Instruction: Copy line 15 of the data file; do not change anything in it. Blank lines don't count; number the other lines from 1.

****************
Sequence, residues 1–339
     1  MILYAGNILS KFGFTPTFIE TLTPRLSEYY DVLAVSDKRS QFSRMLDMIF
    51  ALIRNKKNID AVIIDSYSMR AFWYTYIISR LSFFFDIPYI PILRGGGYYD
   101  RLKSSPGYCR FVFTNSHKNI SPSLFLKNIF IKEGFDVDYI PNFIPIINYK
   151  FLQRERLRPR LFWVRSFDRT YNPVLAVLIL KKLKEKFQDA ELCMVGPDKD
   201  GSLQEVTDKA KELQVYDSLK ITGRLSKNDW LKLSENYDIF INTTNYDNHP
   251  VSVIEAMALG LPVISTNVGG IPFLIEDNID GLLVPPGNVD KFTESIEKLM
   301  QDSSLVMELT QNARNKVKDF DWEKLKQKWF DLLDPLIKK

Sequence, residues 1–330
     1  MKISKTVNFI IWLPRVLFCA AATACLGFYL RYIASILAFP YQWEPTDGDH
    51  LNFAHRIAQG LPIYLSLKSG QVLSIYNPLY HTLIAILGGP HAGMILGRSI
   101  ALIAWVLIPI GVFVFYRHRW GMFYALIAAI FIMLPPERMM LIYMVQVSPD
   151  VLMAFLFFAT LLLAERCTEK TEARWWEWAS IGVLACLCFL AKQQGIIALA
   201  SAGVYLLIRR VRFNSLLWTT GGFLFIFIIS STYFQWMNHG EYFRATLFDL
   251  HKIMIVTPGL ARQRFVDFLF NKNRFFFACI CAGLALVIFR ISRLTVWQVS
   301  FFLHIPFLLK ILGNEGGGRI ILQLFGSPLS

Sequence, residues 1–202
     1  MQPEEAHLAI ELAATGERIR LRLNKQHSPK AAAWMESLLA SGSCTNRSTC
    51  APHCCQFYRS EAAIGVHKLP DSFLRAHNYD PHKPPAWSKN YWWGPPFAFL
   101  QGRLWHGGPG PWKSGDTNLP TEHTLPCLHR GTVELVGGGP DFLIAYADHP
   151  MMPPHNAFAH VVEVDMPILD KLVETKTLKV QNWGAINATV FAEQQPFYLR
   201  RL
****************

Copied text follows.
   251  HKIMIVTPGL ARQRFVDFLF NKNRFFFACI CAGLALVIFR ISRLTVWQVS